When people come to the woods for the first time and are introduced to forts, they are often puzzled. They look around at what is usually a jumble of sticks, a pile of monkey brains, or a seemingly random assortment of rocks, and ask, “What makes this a fort?” I understand – they expect a classic walled and roofed shelter, a more rigorous fortification, a clear territorial boundary. Sometimes this happens. A group of kids, usually with one or two dedicated designer-builders, will gather materials and construct something that is clearly a shelter, attracting considerable attention and admiration from other children. Usually they spend no time in it. Once construction is deemed complete, the fort is often abandoned, having served its purpose.
A fort in the Jemicy woods, as I’ve heard old kids explain to a new, puzzled cohort many times in the fall, means a place to call your own. It is less about the structure that you build, and more about the affordances that attract you to that particular spot: on the stream, overhanging spicebush branches, near the buckeye tree, by an old brick dump. A chosen spot is officially flagged (with a strip of cloth or surveyors tape) and remains “owned” until abandoned – which might mean ownership lasting a few weeks, or a few years. The flag might be the only sign that a spot is a fort.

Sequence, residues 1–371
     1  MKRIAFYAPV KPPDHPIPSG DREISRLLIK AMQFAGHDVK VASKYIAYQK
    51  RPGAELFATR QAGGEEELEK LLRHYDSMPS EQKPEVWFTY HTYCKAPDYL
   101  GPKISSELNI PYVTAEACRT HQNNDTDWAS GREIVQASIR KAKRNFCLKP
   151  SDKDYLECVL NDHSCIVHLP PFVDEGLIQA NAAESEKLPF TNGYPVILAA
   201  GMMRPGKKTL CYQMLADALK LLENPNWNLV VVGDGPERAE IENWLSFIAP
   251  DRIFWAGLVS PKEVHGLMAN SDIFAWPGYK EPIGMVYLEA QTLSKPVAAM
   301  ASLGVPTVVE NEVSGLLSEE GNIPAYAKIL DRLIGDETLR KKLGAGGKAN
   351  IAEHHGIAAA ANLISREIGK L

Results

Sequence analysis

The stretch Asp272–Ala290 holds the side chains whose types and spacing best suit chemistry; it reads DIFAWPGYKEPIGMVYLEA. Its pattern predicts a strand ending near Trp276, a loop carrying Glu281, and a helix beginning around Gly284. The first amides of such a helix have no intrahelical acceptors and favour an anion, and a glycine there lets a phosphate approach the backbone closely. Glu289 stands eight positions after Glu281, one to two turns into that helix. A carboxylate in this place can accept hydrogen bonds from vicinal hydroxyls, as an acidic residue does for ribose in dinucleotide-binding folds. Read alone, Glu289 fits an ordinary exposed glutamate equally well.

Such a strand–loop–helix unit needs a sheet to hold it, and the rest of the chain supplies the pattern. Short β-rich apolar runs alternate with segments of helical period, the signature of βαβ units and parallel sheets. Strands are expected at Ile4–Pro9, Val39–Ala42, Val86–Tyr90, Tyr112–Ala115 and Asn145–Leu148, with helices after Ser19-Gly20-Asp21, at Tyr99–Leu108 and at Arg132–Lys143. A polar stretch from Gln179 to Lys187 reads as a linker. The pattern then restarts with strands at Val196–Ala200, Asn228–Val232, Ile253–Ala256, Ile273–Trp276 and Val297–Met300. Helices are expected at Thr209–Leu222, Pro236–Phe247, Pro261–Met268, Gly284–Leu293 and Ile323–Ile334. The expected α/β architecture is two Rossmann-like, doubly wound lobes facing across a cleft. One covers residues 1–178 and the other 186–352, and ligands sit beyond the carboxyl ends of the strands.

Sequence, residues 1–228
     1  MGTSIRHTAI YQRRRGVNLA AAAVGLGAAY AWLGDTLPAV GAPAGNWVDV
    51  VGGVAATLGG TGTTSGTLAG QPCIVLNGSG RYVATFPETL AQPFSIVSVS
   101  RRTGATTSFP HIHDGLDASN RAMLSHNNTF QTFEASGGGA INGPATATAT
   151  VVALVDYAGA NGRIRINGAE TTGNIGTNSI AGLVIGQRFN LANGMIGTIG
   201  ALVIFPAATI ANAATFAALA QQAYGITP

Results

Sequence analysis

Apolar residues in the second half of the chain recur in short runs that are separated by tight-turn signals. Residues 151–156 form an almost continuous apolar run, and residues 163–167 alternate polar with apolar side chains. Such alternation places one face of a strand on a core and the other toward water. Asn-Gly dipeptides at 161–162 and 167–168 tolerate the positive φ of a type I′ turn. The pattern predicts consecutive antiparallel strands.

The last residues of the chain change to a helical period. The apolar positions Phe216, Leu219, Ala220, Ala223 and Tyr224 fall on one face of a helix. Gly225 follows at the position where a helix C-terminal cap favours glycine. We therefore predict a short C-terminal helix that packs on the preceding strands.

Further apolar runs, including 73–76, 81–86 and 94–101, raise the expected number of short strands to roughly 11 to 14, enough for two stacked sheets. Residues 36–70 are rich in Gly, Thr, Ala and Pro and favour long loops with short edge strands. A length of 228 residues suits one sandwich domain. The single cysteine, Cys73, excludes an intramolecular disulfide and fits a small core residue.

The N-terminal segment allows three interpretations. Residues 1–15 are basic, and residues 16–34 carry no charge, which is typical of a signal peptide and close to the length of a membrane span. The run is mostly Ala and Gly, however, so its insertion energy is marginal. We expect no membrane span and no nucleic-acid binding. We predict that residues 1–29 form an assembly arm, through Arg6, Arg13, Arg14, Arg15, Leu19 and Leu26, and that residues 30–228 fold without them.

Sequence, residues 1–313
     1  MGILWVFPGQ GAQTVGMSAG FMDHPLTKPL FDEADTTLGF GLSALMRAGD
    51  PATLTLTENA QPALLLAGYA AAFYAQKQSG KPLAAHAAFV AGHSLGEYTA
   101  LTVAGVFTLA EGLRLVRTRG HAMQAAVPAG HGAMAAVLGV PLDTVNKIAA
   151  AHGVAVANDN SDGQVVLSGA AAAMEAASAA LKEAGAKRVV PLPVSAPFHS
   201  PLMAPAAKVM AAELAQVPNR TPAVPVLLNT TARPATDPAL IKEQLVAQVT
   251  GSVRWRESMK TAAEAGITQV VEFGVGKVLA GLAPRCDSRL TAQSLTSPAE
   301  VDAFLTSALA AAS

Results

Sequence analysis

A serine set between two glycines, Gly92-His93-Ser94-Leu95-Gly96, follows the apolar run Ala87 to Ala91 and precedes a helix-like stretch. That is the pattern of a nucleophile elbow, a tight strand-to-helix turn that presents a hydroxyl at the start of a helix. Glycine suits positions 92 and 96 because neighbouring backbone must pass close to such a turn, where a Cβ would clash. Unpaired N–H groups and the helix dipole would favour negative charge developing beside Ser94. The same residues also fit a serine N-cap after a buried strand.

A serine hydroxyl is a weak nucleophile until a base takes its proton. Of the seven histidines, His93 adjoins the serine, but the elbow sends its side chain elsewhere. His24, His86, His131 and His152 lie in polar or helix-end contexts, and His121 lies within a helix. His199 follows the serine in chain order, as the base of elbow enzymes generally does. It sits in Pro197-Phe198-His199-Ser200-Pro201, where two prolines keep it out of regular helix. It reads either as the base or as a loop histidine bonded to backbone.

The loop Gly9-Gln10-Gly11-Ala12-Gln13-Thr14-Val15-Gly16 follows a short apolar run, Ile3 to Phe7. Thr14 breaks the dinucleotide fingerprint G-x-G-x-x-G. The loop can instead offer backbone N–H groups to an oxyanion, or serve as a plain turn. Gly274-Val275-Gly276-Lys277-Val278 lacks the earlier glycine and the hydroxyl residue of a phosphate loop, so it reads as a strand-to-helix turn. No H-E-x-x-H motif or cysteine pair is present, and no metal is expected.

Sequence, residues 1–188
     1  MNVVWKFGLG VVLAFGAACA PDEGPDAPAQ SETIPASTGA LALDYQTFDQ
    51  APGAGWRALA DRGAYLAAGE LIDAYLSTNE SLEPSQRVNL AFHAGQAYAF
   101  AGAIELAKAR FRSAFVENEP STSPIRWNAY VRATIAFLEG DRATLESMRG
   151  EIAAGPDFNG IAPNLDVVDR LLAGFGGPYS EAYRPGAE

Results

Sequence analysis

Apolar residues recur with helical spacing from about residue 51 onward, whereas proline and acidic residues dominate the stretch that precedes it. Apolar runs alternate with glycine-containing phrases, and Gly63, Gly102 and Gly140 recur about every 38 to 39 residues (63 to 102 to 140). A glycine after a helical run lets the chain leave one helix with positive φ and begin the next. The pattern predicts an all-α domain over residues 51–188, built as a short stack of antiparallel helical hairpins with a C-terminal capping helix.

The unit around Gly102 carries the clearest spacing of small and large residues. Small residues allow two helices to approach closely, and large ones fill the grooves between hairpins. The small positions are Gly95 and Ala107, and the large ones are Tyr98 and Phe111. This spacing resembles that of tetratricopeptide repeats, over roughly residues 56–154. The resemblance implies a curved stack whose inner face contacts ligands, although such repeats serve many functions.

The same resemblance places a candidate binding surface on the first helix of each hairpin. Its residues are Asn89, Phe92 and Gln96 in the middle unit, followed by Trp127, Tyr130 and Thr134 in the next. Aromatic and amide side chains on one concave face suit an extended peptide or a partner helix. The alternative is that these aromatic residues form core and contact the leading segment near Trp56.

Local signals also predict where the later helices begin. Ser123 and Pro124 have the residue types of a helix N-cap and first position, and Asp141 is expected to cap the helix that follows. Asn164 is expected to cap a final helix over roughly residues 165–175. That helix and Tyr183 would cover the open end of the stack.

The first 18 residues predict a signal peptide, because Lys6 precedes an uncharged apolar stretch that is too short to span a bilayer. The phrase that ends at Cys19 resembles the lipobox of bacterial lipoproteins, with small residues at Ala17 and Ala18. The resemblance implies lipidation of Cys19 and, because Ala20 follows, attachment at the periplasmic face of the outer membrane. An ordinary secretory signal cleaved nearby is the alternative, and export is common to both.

Affordances are interactive. They invite action of a particular kind, which very often involves organizing, or arranging theseemingly disparate jumble of objects and people in the woods into meaningful order. For some kids, it is this act that creates a lasting bond to the spot that they have chosen as a fort. Some middle school boys unearthed a pile of old bricks and set about paving an area beside their fort. They told me that they expect this to remain long after they have graduated, and pointed to a stone wall constructed years ago by some other inhabitants of that fort. “And probably if we have kids they’ll have dyslexia and come to Jemicy, too. So they can keep working on this.”
A younger boy asked me the other day to come look at his fort in the pine woods, where the younger aftercare kids play. “I’ve just spent a day organizing my fort.” His tone was excited and proud, but once we arrived, he sighed with the weariness of heavy responsibility. “It took so much work to get all of this cleaned up, because someone sold me his fort and everything in it, so I had to organize all of that too.” He gestured to a meticulously arranged assortment of glass, rocks, and other objects under a teepee-like stick and bamboo structure. “This is the living room, and this is my garage in the back here,” he pointed out, and then scowled as he studied the garage area. “This is still a mess. I need to make room for more storage.” He turned to look at another bamboo branch lying nearby. “That… I guess I’m going to sell.” He studied the fort for a moment and then dashed off to consult with a friend about his furnishings.
What do kids like this do when they don’t have opportunities to organize their own spaces?